In 2019 we received 6 applications totaling $46,951.50 in requested funds and contributed $32,851.50 to the 5 projects given the highest evaluations by NIMMSA directors and staff. Listed below are the successful 2019 applicants:
- Sayward Futures Society received $1,912.50 for Kelsey Bay hydrophone maintenance and live-streaming.
- Bere Point Research received $2,100.00 for the purchase of field equipment.
- OrcaLab received $8,192.00 for installation of a live-streaming video camera at Strider rubbing beach inside Robson Bight Ecological Reserve.
- Marine Education and Research Society received $9,850.00 for humpback whale fishing gear entanglement data collection, analysis, and publication.
- University of Victoria received $10,807.00 for humpback whale prey selection fieldwork and data analysis.
Bere Point Research received $2,100.00 for the purchase of field equipment for the “Wild Side Project.”
The 2019 funding has allowed Bere Point Research to purchase equipment that was needed for the Wild Side Project, Thank You. The project ran from July 1 – October 1 at Bere Point on Malcolm Island, BC. Monitoring activities implemented included setting up equipment and the research camp for the research season- placing the hydrophone & cable in front of camp, VHF radio set up, research shelter build, and many general activities to ensure camp is equipped to collect data, and withstand any weather. Bere Point being a popular spot to camp, whale watch, and generally just spend some time, it’s busy most days in recent years. And 2019 was another indication that this will continue into the future. Education is an important segment of our research at Bere Point. Being on-site practically 24/7 giving us the opportunity to educate visitors to the rubbing beach. I speak with hundreds of visitors in a summer season, educating and guiding them on how to act around Orca while they’re at the rubbing beach. My hope this past 2019 season was to collect data to compare to past seasons, as well as be there to be available to educate visitors. Looking for possible changes in the data/whale occurrence, that may help indicate negative impacts on the Northern Resident Orca & their Known Critical habitat, which my study area falls within.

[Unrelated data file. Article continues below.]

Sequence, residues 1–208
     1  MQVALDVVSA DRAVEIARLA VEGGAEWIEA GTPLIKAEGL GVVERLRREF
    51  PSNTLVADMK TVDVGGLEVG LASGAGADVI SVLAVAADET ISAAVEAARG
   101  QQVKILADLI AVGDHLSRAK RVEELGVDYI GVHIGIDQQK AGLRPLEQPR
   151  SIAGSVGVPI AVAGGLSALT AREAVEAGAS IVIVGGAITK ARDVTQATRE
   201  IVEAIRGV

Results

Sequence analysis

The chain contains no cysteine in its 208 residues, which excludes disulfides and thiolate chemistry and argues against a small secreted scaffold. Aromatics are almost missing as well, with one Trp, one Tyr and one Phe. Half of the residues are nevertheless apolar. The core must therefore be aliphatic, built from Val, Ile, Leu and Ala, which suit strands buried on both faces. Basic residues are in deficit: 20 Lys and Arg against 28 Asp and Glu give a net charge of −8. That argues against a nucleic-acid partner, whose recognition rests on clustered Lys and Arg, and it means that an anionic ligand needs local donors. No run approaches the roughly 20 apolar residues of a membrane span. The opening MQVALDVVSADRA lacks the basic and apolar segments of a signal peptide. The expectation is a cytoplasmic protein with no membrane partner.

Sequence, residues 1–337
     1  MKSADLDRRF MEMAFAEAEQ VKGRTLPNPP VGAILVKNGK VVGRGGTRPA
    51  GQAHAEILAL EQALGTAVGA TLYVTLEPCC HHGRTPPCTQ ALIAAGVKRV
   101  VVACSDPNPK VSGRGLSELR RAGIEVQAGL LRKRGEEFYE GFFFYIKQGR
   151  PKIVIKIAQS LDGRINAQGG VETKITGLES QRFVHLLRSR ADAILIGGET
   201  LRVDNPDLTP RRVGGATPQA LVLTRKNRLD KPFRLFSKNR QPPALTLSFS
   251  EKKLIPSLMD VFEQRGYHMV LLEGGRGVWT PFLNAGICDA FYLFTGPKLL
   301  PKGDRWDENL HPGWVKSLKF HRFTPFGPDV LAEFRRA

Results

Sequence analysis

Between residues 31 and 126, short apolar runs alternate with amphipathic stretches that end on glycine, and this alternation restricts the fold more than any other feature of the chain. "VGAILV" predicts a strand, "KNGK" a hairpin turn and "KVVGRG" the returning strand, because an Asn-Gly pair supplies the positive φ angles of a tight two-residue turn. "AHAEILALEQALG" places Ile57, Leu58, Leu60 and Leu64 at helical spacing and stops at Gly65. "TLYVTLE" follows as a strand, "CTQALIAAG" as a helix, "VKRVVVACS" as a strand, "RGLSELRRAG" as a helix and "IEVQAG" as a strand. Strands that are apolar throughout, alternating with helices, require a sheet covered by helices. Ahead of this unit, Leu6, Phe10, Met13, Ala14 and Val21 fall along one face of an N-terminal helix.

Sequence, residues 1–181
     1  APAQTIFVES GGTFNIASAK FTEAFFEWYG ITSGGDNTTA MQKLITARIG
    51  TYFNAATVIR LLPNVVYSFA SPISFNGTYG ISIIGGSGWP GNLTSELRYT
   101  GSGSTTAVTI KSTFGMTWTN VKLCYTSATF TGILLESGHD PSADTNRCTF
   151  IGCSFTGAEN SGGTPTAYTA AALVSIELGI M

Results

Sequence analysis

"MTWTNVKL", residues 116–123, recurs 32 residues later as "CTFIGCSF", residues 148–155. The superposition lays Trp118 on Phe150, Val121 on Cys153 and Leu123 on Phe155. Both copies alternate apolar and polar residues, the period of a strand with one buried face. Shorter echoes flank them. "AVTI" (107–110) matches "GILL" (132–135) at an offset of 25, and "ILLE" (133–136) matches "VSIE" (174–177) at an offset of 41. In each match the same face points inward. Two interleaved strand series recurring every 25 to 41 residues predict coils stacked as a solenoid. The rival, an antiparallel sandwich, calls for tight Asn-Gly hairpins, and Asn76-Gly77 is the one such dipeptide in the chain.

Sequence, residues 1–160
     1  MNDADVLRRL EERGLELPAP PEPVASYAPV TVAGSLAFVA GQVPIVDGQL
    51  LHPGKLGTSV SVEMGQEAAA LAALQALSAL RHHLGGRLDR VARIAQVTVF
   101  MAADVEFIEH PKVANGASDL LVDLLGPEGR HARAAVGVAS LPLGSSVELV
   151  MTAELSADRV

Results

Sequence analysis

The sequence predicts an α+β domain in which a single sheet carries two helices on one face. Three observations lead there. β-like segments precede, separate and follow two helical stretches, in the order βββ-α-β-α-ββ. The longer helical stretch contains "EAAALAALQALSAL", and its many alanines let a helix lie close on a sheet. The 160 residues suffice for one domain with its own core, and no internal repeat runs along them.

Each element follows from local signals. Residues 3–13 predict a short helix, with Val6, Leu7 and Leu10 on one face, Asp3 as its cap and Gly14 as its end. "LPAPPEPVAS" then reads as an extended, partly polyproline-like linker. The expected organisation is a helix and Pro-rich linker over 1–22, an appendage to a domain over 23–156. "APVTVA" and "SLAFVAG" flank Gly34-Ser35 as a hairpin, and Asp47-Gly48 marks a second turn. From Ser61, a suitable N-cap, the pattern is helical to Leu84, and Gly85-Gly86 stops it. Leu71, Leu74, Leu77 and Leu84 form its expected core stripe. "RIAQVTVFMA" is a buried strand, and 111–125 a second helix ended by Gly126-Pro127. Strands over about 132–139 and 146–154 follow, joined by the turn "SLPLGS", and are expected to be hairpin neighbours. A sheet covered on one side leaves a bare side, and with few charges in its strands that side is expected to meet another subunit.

Anecdotal results recorded this past season are: Cetacean Sightings Occurrences: N. Resident Orca- 40; Bigg’s Orca- 2; Humpback Whales- 55; Pacific Whited Sided Dolphins- 2; Dall’s Porpoise- 17; Harbour Porpoise- 29; Beach Rubbing Encounters by Northern Residents- 14; (though not a cetacean, Sea Otters have been observed on two occasions.) It’s believed that the numbers from this past season show a positive view of occurrences. What I would say to be, a somewhat normal season. It should be noted that, Bigg’s Orca occurrences are lower than typically seen in past years. Also, although not seen much within our study area, no Minke whales were observed this season, and they are typically seen a couple/ few times a season. In comparing this collected data to data collected over the past 22 years, providing a tested method to evaluate this important information.
2019 was successful in carrying out our objective. Data collected and added to our database of Bere Point Research. Visitors educated when the opportunity presented itself. Troy Bright was featured in the October issue of Alive magazine. Orca, Conservation, and Education were some topics in the article. Thank You for your support this pass 2019 season. We’ll getting ready for the 2020 season in the coming months. And as always, we’ll be watching and reporting on any Orca activity in our study area.